Rosa Linda's Mexican Cafe turns 25
One day back in 1985, one of the Westword artists who lived at the edge of Highland -- we called it Barbaria then -- called with a tip about a great storefront burrito at this new place, Rosa Linda's. He was right, and we quickly became lifetime fans of the restaurant -- and the family that runs it.
The Aguirre family, in a rare moment of rest.
On Sunday, January 17, Rosa Linda's Mexican Cafe officially marked its 25th birthday. Although the Aguirre family is waiting until this summer for the big anniversary bash, it's offering deals through January 23 to celebrate: $2.50 beers, Mexican and domestic; $3 margs, $2.50 select shots. But the real present came in the form of this reminiscence from Oscar Aguirre, the oldest son:
"What has changed in 25 years? A lot," he writes. "When we opened up, our family consisted of Rosalinda (Mom), Virgilio (Dad), Oscar thirteen years old, Virgilio Jr. seven years old, Eric three years old; Linda one and a half, and Mom was pregnant with my sister Esmeralda. We were open seven days a week, Friday and Saturday till 3 a.m. We had a loan with a 13.5 percent interest rate fixed and we had a balloon payment due in July. Mom said a prayer that if we made the balloon payment, we would feed the needy. We got our first Best of Denver in June 1985. Made the balloon payment, Mom kept her promise and that year we fed 250 meals to the needy." That was Thanksgiving 1985.
"Twenty-five years later," Oscar continues, "we fed about 4,500 meals to the needy. We have fed and hosted two and three generations of families, major music artists, senators, mayors, wives of presidents, presidents of the USA. We have been in the Wall Street Journal TWICE! We have been considered a voice, we were featured on NBC Nightly News and other news programs. But we remain humble and blessed.
"In 25 years our restaurant has grown; our family has grown. Oscar is still single, Virgilio Jr. is married with two kids and living in Dallas, Eric is married with three kids, Linda is also married, and Esmeralda is a teacher -- but this is home where we all grew up, and it still is! The kitchen had developed over the years: Mom has always made the chorizo, roasted her own chiles and never compromised on her kitchen; she just modified it for her family. Mom always said that the people we serve are like her family."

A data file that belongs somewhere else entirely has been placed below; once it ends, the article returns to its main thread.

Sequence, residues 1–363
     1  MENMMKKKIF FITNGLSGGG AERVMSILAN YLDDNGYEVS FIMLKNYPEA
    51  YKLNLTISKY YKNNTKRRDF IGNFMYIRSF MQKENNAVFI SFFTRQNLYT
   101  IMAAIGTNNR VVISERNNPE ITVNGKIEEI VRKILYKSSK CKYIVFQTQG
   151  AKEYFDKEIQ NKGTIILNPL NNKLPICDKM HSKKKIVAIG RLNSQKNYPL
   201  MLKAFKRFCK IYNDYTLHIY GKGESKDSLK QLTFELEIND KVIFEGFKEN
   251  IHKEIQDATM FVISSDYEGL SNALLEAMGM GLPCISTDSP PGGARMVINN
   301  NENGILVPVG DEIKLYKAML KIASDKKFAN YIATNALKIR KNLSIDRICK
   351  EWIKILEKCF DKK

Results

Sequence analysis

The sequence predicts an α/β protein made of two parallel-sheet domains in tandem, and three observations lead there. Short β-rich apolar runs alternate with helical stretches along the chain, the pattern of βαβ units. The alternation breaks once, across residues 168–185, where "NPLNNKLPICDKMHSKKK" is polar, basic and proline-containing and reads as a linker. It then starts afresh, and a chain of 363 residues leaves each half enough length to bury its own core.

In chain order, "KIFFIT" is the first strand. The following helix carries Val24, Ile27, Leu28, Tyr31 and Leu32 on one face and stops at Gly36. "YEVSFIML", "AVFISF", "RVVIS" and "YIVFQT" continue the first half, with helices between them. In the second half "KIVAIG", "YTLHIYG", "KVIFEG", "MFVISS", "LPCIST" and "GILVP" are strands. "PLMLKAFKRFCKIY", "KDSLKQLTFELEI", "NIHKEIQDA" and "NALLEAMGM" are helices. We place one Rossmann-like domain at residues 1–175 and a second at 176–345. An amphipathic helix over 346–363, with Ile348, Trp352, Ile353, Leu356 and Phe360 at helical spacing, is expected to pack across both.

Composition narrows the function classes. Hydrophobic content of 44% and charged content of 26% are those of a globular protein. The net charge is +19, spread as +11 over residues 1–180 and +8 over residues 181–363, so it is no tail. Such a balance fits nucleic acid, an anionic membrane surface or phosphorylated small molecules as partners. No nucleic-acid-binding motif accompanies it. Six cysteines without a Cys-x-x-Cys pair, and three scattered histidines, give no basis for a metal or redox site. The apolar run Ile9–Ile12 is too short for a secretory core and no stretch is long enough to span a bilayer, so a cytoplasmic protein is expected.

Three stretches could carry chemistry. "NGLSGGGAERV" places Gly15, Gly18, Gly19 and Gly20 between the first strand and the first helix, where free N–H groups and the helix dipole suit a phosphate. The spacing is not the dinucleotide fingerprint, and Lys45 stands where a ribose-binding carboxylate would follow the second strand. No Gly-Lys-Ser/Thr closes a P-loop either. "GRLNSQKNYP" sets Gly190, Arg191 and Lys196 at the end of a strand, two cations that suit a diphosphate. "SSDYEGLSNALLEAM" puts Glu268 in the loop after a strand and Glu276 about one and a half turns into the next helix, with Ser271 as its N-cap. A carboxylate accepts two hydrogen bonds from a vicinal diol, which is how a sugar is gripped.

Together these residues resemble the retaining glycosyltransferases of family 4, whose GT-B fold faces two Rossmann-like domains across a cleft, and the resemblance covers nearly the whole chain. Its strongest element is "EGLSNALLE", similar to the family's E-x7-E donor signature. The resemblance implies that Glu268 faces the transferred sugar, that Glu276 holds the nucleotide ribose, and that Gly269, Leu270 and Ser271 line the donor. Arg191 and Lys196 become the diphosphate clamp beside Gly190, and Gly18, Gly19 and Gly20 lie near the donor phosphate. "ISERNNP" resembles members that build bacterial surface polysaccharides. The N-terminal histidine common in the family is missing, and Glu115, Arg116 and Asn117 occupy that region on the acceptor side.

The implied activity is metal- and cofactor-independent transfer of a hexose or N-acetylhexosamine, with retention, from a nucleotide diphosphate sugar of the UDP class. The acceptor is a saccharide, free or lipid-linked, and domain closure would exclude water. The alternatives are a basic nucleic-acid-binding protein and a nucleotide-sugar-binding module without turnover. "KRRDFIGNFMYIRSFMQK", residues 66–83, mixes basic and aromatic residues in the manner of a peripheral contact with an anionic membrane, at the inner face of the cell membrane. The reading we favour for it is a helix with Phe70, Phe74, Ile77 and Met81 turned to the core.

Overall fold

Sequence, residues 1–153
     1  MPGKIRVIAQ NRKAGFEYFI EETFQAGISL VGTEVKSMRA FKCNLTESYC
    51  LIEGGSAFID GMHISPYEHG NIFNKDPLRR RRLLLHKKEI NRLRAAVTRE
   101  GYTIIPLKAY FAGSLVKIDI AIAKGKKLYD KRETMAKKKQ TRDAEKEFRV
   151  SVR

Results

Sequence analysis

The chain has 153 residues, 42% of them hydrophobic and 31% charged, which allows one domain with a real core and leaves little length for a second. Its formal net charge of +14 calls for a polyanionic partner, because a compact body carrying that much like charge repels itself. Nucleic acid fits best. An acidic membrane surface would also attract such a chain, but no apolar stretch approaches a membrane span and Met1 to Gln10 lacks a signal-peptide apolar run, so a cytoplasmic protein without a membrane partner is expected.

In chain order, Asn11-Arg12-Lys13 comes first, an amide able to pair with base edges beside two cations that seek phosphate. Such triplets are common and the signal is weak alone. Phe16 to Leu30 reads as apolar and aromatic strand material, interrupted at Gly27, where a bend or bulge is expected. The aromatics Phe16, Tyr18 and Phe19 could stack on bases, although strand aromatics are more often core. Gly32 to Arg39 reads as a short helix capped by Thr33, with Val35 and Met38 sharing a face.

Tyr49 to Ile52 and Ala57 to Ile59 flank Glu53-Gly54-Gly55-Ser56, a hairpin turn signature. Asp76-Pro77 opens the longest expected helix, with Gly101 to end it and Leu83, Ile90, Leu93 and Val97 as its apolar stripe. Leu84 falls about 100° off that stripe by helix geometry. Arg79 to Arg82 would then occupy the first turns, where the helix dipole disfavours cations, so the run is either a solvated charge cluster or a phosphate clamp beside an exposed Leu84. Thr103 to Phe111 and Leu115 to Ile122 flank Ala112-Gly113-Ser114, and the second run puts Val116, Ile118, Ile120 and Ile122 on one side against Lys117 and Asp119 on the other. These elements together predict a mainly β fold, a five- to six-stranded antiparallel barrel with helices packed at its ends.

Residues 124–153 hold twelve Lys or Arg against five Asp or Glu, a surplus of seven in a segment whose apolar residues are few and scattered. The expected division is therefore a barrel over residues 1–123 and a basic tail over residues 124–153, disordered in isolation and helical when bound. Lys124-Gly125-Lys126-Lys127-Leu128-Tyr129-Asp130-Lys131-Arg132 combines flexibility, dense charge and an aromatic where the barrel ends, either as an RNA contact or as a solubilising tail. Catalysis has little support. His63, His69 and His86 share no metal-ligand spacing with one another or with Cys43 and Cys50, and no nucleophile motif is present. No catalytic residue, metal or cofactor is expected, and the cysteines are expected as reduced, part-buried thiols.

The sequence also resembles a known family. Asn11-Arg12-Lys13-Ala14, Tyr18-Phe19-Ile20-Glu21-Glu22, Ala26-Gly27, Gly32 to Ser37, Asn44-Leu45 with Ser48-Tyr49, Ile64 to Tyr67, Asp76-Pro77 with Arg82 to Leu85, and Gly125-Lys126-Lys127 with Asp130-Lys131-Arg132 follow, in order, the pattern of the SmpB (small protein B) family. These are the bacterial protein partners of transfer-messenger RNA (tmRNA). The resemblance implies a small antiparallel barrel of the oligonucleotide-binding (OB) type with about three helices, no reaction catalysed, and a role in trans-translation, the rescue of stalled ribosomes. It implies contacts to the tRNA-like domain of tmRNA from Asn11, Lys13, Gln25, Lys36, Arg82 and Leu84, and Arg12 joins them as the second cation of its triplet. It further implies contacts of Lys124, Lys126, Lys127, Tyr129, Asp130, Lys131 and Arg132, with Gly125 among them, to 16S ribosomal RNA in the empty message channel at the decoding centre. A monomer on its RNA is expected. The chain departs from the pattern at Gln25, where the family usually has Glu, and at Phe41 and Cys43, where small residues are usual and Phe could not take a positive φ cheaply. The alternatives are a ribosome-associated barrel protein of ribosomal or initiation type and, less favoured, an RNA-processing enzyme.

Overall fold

The area around the restaurant has changed, too. "Our neighborhood was considered the 'hood. We were the Northside," Oscar writes. "Many of the kids we grew up with were of immigrant families, Mexican and/or Italian. We were a close-knit community. Kids would play outside in the streets, speaking two languages, Spanish or Italian, and English. The neighbors knew who you were and knew our parents. Many of them worked together, many of them socialized together...Olinger's was where we went to mourn our lost loved ones...not happy hour."
More signs of the times: "Twenty-five years ago, you would not see a BMW parked outside unlocked. You wouldn't see a BMW, period! Or you would not see a blond-haired girl jogging outside after dark. It was our 'hood, history... Now there a few reminders of that history. It is no longer the Northside, it's Highlands... i wonder what i will be writing in the next 25 years. What changes will history bring to my hood?"
Best place to ponder that? Ordering a cold beer and a Best of Denver special, and then savoring both the food and the people serving it in a booth at Rosa Linda's, the restaurant at 2005 West 33rd Avenue that has expanded with the neighborhood, but still remains part of the family.